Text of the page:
Thursday, September 2, 2010

Fitting In or Being Tied? (A Rant)

Below are some member comments excerpted from the excellent ACRL report, Futures Thinking for Academic Librarians: Higher Education in 2025.

I agree with almost everything that is said in this quote except for it's underlying argument that we need to ensure our place in academia; that we need to make sure librarians "fit" into the learning process:
Libraries will need to reconsider what their relevance is in the research process. We need to start considering what our ‘deeper meaning’ is to researchers to ensure that we fit into this new model. I feel strongly that we will have a role - it will look different from our role now, and we need to be careful not to cling to past practice for nostalgic reasons. (in response to the prospect of open peer-review becoming a norm, p. 10)
If we are at the point where we need to justify our existence, is it already too late? Isn't there a danger, when our focus is on justifying our existence and changing primarily for the sake of ensuring our existence, of losing touch with our core values and mission, in the process?  I certainly don't have the answers, but I would argue academic librarians for the most part already fit and will continue to evolve their role, along with the rest of academia, as we've been doing for more than a century. Instead, we need to do a better job of collaborating with and promoting our skills and value within academia (note: there are other quotes scattered within this report that argue this same point).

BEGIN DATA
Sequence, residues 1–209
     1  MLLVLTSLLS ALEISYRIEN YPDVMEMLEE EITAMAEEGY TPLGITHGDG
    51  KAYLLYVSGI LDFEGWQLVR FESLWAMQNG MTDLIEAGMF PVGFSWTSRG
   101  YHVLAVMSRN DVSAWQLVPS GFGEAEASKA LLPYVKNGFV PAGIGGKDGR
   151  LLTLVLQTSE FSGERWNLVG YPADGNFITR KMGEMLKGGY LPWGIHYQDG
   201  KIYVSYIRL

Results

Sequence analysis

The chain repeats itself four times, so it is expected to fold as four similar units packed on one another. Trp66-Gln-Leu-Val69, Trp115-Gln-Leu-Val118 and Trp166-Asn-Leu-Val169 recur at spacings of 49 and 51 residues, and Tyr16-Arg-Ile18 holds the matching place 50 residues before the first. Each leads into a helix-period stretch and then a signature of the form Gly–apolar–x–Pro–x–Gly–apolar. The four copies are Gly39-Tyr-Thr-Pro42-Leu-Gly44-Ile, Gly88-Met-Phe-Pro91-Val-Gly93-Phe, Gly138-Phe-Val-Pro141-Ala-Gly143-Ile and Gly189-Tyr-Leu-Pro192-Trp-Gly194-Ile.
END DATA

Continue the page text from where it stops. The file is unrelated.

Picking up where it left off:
Another quote in response to an increase in non-traditional students:
This scenario gives libraries an opportunity to play a larger role in the teaching function of the academy. We have a lot to offer the changing face of the university. (p. 12)
By the way, the description of a non-traditional learning model in this section is almost exactly the same as the current model/mission at MPOW (SUNY Empire State College Mission Statement).

Again, I agree with the message here. However, working at an institution at the cutting edge of this non-traditional learning model, I can state there is a danger that the crucial role of the librarian in the learning process will be forgotten or tossed aside. I hope this is only a function of MPOW, as there has never been a traditional bricks and mortar library here. But the low perception of our value here (we are mostly considered IT staff with no faculty status and can't even have the word "librarian" in our official title) does make me a bit nervous for the profession in the distance learning arena. Librarians here have always lived inside the often isolating cocoon of IT, and the fact that we have no building and no books, perhaps prejudices our faculty and administration to assume the online library and the teaching of information literacy skills somehow just run themselves.

Recently, in meeting with my nursing faculty (they are the best!), one noted that some faculty in other disciplines seemed to have no idea that there were only three of us serving the entire college. To put that in perspective, we are three FT librarians serving approximately 20,000 non-traditional students and more than a thousand faculty!

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